Year of the Voter: N.C.'s 2008 Election Upset Many Patterns
This analysis was provided by Democracy North Carolina, a nonpartisan organization based in Raleigh.
The year 2008 was a banner period for voter participation for North Carolinians, especially African Americans and women.
Here are some of the numbers that demonstrate the record level of voter activism this year.
North Carolina led the nation as the state with the biggest increase in voter turnout over 2004. A record 4.35 million Tar Heels cast ballots in the general election, a big jump over the 3.55 million in 2004 and a 70 percent turnout of 6.2 million registered voters, compared to the 64 percent turnout in 2004.
Turnout is often measured as a percentage of voting-age population (VAP). Using that measure, North Carolina's turnout was 61.4 percent of the VAP in 2008, compared to 53.9 percent in 2004. That 7.5 point gain in turnout was the biggest in the nation.
Turnout as a percent of VAP in North Carolina has not exceeded 55 percent in a century, which typically put N.C. among the worst 15 states for voter participation. That position dramatically changed in 2008; the 61.4 percent turnout rate of VAP put the Tar Heel state at No. 19 in the nation, the first time we've been among the top 20 states in more than 100 years.
A record 2.4 million voters cast ballots at 368 early-voting sites across the state. That's more than double the number who voted at the 250 sites opened in the 2004 general election. Another 228,000 voted through the mail with absentee ballots, bringing the total number of early voters to 2.64 million. That's an astonishing 61 percent of all voters in the 2008 general election, another record.
Democracy North Carolina worked with local allies across the state to increase the number of sites, hours, and days to provide greater opportunity for voters and relieve the pressure of long lines on Election Day. Early-voting sites opened for the first time on several college campuses -- bringing the total to a record 20 campuses -- and sites opened in 12 counties on Sundays. The State Board of Elections provided grants of more than $2.5 million for counties to add sites, increase staffing, and upgrade equipment, and nearly all used the funds to add early voting capacity.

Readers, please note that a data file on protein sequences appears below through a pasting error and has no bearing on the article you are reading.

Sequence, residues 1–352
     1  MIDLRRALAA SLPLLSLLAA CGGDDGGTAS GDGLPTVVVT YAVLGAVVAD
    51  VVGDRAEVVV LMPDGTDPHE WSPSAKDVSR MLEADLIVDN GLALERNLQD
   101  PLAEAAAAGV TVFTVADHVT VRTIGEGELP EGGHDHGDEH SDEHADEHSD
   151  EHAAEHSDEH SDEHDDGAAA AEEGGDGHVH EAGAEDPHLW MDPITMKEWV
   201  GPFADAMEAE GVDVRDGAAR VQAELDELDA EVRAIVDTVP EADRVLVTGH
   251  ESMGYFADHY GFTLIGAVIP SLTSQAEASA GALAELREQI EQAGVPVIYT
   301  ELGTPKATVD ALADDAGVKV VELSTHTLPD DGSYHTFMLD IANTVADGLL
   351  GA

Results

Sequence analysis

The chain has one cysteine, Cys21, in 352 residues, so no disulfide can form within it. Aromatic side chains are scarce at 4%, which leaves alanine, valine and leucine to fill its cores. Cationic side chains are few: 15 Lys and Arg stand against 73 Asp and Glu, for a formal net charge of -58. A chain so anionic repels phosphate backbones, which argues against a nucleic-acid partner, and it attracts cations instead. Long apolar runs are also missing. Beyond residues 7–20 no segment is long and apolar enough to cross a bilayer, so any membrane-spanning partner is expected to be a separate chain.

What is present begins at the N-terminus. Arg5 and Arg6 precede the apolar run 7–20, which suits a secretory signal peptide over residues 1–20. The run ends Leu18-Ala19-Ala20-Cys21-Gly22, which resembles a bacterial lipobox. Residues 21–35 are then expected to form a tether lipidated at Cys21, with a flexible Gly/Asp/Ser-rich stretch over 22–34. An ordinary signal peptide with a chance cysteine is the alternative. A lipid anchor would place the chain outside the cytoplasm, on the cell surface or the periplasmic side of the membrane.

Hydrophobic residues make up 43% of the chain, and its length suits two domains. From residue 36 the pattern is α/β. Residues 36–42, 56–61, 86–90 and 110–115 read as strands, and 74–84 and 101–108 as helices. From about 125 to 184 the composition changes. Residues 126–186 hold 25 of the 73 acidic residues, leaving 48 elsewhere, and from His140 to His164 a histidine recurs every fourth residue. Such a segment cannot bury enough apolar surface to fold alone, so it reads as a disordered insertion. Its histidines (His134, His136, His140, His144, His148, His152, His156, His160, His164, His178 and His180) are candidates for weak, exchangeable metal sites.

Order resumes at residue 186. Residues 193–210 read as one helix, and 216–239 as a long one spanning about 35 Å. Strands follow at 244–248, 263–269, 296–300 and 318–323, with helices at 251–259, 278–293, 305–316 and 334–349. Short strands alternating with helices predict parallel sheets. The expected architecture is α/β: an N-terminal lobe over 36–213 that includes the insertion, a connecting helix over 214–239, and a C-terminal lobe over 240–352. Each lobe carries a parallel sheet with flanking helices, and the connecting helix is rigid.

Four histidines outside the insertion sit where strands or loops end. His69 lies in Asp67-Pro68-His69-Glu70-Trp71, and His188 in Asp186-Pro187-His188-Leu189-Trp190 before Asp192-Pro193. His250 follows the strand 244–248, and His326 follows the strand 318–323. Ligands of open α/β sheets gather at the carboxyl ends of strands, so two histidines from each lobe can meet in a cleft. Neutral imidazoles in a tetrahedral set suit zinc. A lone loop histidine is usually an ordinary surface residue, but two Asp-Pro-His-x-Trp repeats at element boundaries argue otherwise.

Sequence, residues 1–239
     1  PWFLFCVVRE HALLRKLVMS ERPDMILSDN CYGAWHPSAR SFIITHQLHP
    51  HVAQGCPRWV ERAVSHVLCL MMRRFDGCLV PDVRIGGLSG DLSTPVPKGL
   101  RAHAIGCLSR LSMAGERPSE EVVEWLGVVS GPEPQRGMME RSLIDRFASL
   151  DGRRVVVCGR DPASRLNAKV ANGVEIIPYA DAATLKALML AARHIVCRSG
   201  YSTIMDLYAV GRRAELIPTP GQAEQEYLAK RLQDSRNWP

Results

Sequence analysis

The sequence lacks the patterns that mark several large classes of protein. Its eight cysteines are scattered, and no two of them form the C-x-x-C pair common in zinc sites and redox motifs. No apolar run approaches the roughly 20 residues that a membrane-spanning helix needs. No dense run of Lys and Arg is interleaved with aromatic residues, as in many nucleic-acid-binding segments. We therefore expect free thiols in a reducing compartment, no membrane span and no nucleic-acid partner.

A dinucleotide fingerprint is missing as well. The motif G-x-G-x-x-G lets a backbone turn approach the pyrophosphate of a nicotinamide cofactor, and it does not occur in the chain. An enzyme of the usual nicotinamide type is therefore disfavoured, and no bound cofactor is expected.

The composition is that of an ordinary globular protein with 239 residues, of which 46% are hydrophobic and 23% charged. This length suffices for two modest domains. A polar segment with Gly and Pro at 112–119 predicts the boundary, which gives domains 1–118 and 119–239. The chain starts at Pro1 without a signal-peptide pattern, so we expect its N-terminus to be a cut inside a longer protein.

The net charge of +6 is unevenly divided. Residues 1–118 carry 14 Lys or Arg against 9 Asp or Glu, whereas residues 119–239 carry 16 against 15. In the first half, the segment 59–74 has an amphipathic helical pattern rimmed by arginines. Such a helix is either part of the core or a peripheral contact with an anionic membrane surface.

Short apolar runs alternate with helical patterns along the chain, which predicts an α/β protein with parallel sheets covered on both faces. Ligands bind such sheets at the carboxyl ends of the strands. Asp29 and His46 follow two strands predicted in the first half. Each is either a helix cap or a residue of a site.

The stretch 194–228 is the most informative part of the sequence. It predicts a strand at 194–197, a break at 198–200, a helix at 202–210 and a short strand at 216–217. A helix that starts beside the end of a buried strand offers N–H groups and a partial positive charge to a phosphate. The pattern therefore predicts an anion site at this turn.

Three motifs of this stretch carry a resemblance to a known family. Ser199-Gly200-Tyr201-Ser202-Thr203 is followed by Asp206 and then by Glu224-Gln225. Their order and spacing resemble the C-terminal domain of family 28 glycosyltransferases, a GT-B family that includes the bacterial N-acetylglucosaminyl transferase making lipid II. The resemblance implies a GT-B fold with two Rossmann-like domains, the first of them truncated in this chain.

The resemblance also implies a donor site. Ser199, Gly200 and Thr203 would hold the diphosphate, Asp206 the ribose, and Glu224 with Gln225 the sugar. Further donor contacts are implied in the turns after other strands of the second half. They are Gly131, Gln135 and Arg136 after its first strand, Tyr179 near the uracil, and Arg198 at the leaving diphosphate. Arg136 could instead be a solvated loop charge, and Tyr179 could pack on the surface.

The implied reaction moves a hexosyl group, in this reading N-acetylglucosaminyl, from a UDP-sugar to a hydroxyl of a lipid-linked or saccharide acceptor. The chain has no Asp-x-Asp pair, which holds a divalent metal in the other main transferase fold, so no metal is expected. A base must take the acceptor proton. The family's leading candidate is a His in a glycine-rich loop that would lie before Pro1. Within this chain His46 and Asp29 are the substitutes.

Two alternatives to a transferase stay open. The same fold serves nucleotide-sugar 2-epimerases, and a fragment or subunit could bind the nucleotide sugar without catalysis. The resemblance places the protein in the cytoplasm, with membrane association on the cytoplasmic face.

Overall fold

Early voting does not inherently favor one party or another, but in 2008, with the substantial promotion of the Barack Obama campaign, it clearly benefited Democratic candidates. In fact, many would not have won without the large margins they carried into Election Day.
There were effectively two different elections: one during the 17 days of early voting, in which Obama, Kay Hagan, Bev Perdue, and Walter Dalton each outpolled their opponents by more than 300,000 votes; and Election Day, on which Republican candidates trounced those same Democrats.
In 2007, North Carolina became the first state in the South -- and the most populous in the nation -- that allowed registration and voting on the same day.
Under the N.C. law, citizens who miss the normal deadline to register (25 days before Election Day) can go to an early-voting site during the 17-day early-voting period, show one of the required IDs, fill out a registration form, swear under penalty of a felony that they live at the address given, and vote -- all on the same day.
During 2008, just over 49,000 used same-day registration to participate in the primary, and another 188,000 used it during the general election. About half of them were first-time voters in the county, while the other half used the new law to update an old registration. Many of the latter could have voted on Election Day, but they would have had to use a provisional ballot, which requires laborious research by election officials to determine their eligibility to vote.